Early Montreal History Series: II – Samuel de Champlain

Samuel de Champlain & Place Royalle

Good looking dude

 

Although Samuel de Champlain is not credited to have founded the city of Montreal like he did Quebec City, he is the one that is known for having chosen the site for what would eventually become the city of Montreal.  It was in 1611 that he inspected a Montreal island site that he would deem a perfect location for habitation.  The land he chose was the western point in Montreal before the start of the Lachine rapids.  This location is in Old Montreal where Pointe-a-Callière, an excellent Montreal history museum, is located.  As a quick aside, at this museum you will literally see the developments of Old Montreal over the years.  With what I am learning now, I really have to go back for another visit at some point this year.  It was about 3 years ago that I went to the museum but without the sense of adventure and exploration that I am now experiencing with this blog and research.  Anyhow, for the purpose of this blog, the importance of this fact lies in:

 

1) the name Champlain chose for the location; and

 

2) The further geographical significance of the Lachine rapids and how it helped shape the location choice of Montreal. 

 

As for the name, he chose “Place Royalle” (the second “L” is not a typo) which in my mind must be an ode to Jacque Cartier’s naming of Mont Royal.  As for the geographical significance of the Lachine rapids, nature had a big impact, as earlier discussed, on the decision of where to begin this city.  Both Jacques Cartier and Samuel de Champlain could not safely go further and yet nature also made them realize how central this location was in the New World (multiple rivers and streams to explore from here and history would show how this would be of importance for Canada from both a fur trading perspective and also linking Europe with New France and later to the rest of Canada for further shipping and trading).  I honestly wish I could explore this subject more in this blog but I feel I am digressing too much.  If you wish to know more about this subject, please do have a look at the book “Montréal en Évolution” and here you will learn the details that helped impact the decision to build Montreal in its chosen location, including favorable climate conditions compared to the North and South shores of the island.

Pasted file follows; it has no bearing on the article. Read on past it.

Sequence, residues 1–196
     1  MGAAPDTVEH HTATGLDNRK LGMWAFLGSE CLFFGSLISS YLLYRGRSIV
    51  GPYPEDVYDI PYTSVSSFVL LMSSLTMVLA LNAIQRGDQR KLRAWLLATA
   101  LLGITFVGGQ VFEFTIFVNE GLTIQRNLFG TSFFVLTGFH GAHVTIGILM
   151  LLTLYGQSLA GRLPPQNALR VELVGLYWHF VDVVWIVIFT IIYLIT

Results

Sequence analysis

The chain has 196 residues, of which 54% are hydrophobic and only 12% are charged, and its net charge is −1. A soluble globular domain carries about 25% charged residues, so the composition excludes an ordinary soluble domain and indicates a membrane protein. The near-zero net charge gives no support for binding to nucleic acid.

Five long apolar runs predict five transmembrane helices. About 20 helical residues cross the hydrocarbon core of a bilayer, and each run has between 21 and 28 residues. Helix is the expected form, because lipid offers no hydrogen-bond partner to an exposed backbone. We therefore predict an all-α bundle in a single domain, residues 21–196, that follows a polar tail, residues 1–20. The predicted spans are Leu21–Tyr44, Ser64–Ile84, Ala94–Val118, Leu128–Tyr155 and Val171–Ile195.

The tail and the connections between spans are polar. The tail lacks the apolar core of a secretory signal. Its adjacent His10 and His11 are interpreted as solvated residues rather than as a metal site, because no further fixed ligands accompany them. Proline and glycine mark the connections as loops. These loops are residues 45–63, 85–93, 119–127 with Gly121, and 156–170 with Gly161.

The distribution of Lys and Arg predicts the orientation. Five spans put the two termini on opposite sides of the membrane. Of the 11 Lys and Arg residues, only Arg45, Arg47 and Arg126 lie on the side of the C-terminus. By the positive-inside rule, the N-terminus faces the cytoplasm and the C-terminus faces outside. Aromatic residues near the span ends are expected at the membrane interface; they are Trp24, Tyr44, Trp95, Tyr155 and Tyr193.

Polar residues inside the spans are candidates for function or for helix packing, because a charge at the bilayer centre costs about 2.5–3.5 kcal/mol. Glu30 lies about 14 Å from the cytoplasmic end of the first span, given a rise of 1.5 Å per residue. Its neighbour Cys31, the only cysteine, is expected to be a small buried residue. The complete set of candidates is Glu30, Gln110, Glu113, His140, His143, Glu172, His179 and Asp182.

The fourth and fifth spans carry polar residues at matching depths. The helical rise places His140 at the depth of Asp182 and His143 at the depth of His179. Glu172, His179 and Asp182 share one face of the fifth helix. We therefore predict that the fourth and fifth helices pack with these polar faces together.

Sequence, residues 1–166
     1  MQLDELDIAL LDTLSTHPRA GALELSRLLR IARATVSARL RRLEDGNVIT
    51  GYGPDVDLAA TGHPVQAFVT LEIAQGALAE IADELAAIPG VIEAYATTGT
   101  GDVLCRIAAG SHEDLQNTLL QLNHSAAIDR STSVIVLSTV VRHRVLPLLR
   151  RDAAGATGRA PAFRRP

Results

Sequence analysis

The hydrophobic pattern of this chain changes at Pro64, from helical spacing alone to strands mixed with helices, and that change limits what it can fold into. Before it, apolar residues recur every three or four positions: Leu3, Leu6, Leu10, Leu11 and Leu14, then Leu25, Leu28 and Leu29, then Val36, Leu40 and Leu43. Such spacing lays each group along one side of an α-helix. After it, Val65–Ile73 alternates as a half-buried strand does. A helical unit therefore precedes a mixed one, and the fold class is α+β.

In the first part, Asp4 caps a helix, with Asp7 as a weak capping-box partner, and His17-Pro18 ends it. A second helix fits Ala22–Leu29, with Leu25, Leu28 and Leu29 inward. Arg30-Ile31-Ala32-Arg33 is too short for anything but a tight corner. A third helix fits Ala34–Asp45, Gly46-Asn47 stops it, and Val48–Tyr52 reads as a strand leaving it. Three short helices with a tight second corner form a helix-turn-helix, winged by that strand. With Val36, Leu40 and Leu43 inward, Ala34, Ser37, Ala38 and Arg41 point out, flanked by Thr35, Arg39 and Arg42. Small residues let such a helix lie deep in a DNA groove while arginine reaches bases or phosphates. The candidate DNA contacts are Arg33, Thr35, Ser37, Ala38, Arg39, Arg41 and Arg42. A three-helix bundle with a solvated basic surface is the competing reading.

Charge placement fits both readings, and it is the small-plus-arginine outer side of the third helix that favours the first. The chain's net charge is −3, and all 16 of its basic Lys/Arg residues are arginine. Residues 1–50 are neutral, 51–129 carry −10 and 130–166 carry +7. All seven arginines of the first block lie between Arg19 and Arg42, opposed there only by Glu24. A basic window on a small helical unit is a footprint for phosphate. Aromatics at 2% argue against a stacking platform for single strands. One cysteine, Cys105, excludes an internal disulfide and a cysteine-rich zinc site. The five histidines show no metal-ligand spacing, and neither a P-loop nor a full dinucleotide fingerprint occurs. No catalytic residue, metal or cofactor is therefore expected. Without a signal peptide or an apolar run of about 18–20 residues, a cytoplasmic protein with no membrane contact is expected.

Finally, Champlain’s projects for Place Royalle did not work out and the site was abandoned but his exploration work was not wasted nor forgotten as the area’s importance and central location would soon be revisited.

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